...isn't translation about taking the source text and changing it so that it's suitable for the target readers, rather than just swapping one language for another? For advertising texts/sales texts, that means using language that encourages people to buy what's on sale (culturally and linguistically appropriate for the target market).

This is the same principle as if I'm writing a set of instructions for mounting a light fitting - I need to make them clear and understandable for the person trying to get the light to work.


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Julia Glasmann
Germany
Member (2006)
English to German
+ ...
I'm also with Gerard Sep 14, 2007

I don't want to start a discussion of where the work of a translator ends and the work of a copywriter starts, but personally I think translating is much more fun when you are allowed to "play" a little instead of strictly sticking to translation rules.

But then there certainly are also a lot of translators who rather translate technical texts where the terminology is much more important than the style of language.

In the end every translator has to decide him/herself what he/she is ABLE to do for the client and what kind of translation he/she WANTS to do.


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satranslations
Local time: 14:10
English to German
TOPIC STARTER
Thanks for your contributions Sep 14, 2007

I agree with you to a certain degree but by carrying out copywriter work aren't we not much better than the secretary or employee in a company with some foreign language knowledge but no professional translator experience who is asked by his or her boss to "quickly translate this" and does it. In such a case, every translator would be upset about it and talk about that we have to "educate" the client. So do we not overestimate ourselves a bit when it comes to doing work of a copywriter? And when we do it at our usual rate are we not selling ourselves too cheap as to my knowledge a copywriter usually charges a 4 figure sum as his/her daily rate and not just some pence per word.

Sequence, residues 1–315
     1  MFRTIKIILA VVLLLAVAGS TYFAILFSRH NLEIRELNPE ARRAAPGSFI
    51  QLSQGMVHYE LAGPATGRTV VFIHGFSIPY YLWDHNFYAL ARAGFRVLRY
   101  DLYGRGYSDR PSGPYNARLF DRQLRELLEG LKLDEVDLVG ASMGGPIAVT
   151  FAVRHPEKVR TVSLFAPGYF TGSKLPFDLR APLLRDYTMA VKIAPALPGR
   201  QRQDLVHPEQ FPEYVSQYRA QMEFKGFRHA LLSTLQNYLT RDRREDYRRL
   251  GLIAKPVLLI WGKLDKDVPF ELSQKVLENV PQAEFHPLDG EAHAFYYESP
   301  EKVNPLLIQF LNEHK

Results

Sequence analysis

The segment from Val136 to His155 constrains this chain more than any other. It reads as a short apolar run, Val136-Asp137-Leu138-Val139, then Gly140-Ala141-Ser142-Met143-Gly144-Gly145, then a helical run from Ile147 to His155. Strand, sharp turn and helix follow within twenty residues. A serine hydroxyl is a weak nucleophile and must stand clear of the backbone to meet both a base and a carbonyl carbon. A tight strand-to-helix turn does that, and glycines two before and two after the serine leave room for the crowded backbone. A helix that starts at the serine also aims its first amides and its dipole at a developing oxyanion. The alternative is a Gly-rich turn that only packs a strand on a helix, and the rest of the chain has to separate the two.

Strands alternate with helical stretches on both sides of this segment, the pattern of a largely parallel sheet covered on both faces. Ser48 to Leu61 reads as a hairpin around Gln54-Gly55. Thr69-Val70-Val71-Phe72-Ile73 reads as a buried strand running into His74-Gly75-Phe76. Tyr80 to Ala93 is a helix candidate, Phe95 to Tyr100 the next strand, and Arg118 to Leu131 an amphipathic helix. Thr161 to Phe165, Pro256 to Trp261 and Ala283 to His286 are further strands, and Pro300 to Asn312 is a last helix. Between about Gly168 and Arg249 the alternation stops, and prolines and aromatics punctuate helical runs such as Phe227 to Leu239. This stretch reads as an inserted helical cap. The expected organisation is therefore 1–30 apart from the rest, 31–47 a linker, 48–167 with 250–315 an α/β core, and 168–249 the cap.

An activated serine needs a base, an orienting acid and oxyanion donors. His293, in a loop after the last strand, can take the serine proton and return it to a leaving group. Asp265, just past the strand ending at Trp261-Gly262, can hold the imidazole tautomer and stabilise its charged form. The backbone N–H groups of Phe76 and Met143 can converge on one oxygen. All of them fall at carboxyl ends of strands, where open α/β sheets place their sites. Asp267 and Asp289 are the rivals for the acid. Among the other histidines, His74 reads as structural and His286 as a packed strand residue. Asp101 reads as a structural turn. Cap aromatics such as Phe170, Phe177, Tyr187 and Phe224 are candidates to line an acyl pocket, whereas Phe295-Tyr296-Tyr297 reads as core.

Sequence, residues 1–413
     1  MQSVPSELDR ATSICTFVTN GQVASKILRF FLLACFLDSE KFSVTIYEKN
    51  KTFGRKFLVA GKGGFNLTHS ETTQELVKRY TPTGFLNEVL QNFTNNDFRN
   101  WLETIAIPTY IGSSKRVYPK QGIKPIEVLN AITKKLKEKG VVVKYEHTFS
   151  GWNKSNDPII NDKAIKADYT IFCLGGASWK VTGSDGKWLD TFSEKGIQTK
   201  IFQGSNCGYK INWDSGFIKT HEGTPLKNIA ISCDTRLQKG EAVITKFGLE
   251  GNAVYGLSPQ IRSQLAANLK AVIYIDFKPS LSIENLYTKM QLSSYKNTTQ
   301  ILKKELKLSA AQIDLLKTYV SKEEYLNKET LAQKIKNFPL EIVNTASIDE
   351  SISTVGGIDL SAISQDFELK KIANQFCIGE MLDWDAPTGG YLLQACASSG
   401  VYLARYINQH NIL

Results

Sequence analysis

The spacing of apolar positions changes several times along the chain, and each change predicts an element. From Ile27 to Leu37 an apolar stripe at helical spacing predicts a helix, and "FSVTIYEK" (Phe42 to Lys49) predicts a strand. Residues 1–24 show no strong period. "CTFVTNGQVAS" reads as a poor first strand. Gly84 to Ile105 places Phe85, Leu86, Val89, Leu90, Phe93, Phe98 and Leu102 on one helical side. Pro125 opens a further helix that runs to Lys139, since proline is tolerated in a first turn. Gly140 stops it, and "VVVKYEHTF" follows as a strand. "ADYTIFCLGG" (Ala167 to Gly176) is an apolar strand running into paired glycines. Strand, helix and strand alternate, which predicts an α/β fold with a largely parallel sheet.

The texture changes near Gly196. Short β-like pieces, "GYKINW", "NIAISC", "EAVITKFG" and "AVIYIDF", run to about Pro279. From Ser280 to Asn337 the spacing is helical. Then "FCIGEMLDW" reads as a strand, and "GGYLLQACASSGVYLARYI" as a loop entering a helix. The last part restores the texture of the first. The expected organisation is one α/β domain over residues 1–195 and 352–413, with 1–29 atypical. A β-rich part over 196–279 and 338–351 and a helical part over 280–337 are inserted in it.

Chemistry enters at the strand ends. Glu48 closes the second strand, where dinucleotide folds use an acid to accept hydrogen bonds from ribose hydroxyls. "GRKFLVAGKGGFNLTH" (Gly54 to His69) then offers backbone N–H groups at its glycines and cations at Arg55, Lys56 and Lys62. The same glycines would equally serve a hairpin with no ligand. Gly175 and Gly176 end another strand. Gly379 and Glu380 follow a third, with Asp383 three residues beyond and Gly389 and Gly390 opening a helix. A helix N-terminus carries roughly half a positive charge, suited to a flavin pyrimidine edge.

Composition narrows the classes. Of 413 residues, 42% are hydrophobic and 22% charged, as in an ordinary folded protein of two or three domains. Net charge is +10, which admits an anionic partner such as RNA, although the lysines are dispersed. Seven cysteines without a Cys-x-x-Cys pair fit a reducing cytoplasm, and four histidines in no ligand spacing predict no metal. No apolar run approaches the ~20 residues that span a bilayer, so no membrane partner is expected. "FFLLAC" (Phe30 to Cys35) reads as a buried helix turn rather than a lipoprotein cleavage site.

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Veronica Coquard
France
Local time: 15:10
French to English
Is it me? Sep 14, 2007

satranslations wrote:

But the more I think about it (I am still waiting for the feedback), the more I doubt if the client in this case is not actually asking for something that no translator could really fulfill satisfactorily unless he/she is also a talented or trained copywriter (which I am not really and if I were, I would surely ask for much more than my standard translation rate).

...by carrying out copywriter work aren't we not much better than the secretary or employee in a company with some foreign language knowledge but no professional translator experience who is asked by his or her boss to "quickly translate this" and does it.


Is it me, or are these two posts contradictory?

I also agree with Gerard. Thank heavens there's a bit of fun involved in translation, and indeed every one of us is something of a writer, for better or worse.

Any time you do publicity you should always make the product sound as irresistible as possible, and use your knowledge of the culture you are adressing to adapt the text to that audience.


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Julia Glasmann
Germany
Member (2006)
English to German
+ ...
Yes and No Sep 14, 2007

I would never claim that I can do the work of a copywriter, I can just offer a client to do as good as I can.
In my opinion it's up to the client if he thinks a translator is as suitable for the job as a copywriter or, respectively, if his secretary can do as good as a translator. There certainly is often the need to explain the client the difference between a copywriter and a translator, but then the responsibility of deciding lies with the client, not with us translators.

Regarding the rates: Yes, I also think that copywriters earn more, but I think you can only charge those rates if you ARE a copywriter.